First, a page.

The Cato Institute: The Cato Institute is a libertarian group founded by Edward Crane and Charles G. Koch. In documents recovered from tobacco giant Phillip Morris, the Cato Institute is included on a list of “allies.” A recent Cato event marking the 50th anniversary of Silent Spring was called “The False Cries of Rachel Carson” and claimed that the harmfulness of pesticides such as DDT is overblown. Cato’s new Center for the Study of Science is directed by climate change contrarian Patrick J. Michaels, who has been affiliated with Cato for at least two decades. A 2007 report by the Union of Concerned Scientists mentions Michaels’ ties to at least 10 organizations funded by ExxonMobil (pages 12, 59). For many years, these organizations repeatedly have taken positions disputing the harmfulness of tobacco and other known carcinogens, the role of CFCs in causing the ozone hole, and the existence of acid rain. Naomi Oreskes’ history of embattled science, Merchants of Doubt, reinforces Michaels’ record as a skeptic for hire on any issue where government regulation might come into play.
Opposition to the first National Climate Assessment: Groups such as the Competitive Enterprise Institute, the Heartland Institute and the Cato Institute recognize the important role the NCA process and report play into governmental decisions about regulation of carbon dioxide. As such, they use every available means, including unsuccessful lawsuits, to prevent the federal government from communicating the results of the first national assessment. When the public review draft of the first USGCRP assessment was released in June, 2000, Cato issued a statement by Jerry Taylor, then Director of Natural Resources Studies at the Cato Institute, complaining that the report “predicts doom and gloom for the coming century.” He claimed that northern latitudes would see “benign or largely positive changes in climate,” and “the number of storms and other extreme weather events, along with their severity, are trending down, not up.” Since then, Arctic Sea Ice extent and volume have plummeted to the lowest levels on record with impacts spilling well beyond the Arctic. Meanwhile, the U.S. Climate Extremes Index in 2012 warm season (April through September) reached a record high that was more than twice the average value for warm seasons (based on records going back to 1910).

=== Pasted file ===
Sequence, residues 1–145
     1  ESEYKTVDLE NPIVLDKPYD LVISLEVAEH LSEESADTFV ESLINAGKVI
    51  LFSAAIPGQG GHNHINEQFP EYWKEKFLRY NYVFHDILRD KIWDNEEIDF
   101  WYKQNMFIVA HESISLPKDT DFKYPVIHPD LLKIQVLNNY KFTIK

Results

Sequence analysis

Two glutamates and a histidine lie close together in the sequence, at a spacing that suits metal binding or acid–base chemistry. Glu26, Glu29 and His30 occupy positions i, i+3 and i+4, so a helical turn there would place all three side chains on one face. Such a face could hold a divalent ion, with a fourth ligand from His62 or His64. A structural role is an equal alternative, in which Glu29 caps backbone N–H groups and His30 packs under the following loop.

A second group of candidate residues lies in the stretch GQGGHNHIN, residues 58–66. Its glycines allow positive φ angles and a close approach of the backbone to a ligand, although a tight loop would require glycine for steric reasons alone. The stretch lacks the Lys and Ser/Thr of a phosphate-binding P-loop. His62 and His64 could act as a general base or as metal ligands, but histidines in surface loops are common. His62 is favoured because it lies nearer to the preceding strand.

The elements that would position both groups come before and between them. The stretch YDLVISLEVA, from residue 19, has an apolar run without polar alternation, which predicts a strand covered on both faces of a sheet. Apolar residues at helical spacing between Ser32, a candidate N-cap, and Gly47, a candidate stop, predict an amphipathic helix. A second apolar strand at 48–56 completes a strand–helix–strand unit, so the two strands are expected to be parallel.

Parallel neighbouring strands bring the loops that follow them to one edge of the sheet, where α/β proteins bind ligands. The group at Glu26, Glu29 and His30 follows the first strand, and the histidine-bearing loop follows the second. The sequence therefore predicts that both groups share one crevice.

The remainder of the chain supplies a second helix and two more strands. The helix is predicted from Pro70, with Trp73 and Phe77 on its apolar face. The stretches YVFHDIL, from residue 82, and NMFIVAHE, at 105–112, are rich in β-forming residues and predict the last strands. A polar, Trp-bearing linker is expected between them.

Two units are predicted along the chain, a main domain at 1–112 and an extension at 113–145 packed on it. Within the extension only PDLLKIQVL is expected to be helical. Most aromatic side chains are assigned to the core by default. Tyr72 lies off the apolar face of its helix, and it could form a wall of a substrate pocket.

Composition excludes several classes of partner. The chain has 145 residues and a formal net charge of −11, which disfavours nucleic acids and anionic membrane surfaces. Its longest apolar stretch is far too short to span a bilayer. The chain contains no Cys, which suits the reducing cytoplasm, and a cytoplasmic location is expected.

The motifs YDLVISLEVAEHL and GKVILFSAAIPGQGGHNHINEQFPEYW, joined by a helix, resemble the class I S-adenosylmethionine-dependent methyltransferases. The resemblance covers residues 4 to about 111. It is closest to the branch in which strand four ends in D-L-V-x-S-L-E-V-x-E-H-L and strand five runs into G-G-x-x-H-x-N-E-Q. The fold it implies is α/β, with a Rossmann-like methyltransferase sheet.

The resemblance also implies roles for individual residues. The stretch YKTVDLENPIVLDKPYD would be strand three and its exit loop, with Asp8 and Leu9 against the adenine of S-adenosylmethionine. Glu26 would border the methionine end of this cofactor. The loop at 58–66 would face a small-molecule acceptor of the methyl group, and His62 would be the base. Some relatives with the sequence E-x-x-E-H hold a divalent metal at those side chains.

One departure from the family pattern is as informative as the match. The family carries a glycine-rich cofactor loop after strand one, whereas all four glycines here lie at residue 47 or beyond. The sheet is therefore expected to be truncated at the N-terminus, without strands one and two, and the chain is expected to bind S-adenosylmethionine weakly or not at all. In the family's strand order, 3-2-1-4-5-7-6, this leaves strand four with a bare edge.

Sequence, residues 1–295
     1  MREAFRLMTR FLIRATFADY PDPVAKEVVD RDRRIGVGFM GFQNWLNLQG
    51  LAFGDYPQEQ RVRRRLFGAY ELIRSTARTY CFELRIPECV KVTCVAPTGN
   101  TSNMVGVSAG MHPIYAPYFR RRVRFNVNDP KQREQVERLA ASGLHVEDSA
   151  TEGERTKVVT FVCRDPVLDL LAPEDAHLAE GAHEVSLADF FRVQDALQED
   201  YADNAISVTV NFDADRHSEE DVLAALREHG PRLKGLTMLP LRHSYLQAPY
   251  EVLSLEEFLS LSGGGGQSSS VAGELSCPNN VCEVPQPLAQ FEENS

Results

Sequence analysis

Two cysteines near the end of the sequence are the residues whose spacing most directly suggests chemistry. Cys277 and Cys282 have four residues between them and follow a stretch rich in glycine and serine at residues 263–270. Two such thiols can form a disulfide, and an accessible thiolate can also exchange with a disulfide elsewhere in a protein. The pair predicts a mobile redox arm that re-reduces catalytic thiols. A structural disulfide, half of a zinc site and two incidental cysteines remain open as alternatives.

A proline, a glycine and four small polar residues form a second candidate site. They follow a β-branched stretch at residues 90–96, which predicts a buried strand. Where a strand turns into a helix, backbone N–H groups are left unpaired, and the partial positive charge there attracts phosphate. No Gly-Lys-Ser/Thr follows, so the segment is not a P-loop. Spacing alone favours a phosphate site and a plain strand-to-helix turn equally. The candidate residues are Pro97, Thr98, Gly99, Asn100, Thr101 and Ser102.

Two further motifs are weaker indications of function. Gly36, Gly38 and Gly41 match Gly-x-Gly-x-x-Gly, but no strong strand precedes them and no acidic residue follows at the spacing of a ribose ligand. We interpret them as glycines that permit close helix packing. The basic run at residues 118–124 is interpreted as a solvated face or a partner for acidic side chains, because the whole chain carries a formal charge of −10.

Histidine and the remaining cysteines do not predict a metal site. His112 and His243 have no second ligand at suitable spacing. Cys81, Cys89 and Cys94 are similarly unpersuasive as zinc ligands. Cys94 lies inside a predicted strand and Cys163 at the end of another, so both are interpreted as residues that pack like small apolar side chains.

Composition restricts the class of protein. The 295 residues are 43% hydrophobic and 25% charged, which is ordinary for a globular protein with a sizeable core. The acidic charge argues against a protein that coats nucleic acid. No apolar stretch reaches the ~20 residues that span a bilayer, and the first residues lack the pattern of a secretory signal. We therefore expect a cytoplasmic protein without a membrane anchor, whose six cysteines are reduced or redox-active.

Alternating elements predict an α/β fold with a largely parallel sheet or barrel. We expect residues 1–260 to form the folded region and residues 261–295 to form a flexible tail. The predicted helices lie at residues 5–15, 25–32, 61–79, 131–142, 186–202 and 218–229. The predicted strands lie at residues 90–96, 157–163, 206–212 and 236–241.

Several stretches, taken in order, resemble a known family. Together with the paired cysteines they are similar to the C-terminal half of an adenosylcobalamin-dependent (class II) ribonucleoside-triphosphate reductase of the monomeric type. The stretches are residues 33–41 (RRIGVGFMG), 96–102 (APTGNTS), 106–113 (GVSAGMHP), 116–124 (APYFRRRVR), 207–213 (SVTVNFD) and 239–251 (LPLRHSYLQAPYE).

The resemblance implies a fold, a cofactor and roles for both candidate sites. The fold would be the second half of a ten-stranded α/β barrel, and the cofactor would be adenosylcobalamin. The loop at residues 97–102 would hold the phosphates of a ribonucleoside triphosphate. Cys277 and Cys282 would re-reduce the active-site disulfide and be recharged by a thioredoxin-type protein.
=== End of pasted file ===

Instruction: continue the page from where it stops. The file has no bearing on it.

Attacks against the 2009 National Climate Assessment: Opponents of action on climate change recognized the 2009 assessment, like the 2000 assessment, would raise concerns about climate change, would increase support for government action and would be cited in support of such action. In an article in the Washington Times on Aug. 31, 2008, Pat Michaels attacked the report as “the worst document in this genre I have ever seen … Trash the entire report … But of course, that won’t happen … It will serve as the basis for the most onerous environmental legislation and regulations in U.S. history.”
More recently in an op/ed in Forbes, Michaels misleadingly asserted that EPA’s Dec. 2009 finding that greenhouse gases endanger the health and welfare of Americans “is largely based upon a single document” — the 2009 assessment report. In fact, the EPA endangerment finding is based on a wide range of national and international scientific assessments, reports and evidence, including the Nobel Prize-winning Intergovernmental Panel on Climate Change.
Precedent: This is not the first time climate change disinformation campaigners have mimicked official documents to confuse and mislead people. In 1998, Frederick Seitz et al circulated a petition accompanied by a paper that was intentionally formatted to look like a reprint from the Proceedings of the National Academy of Science (PNAS). The NAS denounced the paper: “The NAS Council would like to make it clear that this petition has nothing to do with the National Academy of Sciences and that the manuscript was not published in the Proceedings of the National Academy of Sciences or in any other peer-reviewed journal.” See the full Statement of the NAS, By The Council Of The National Academy Of Sciences Regarding Global Change Petition response of the NAS.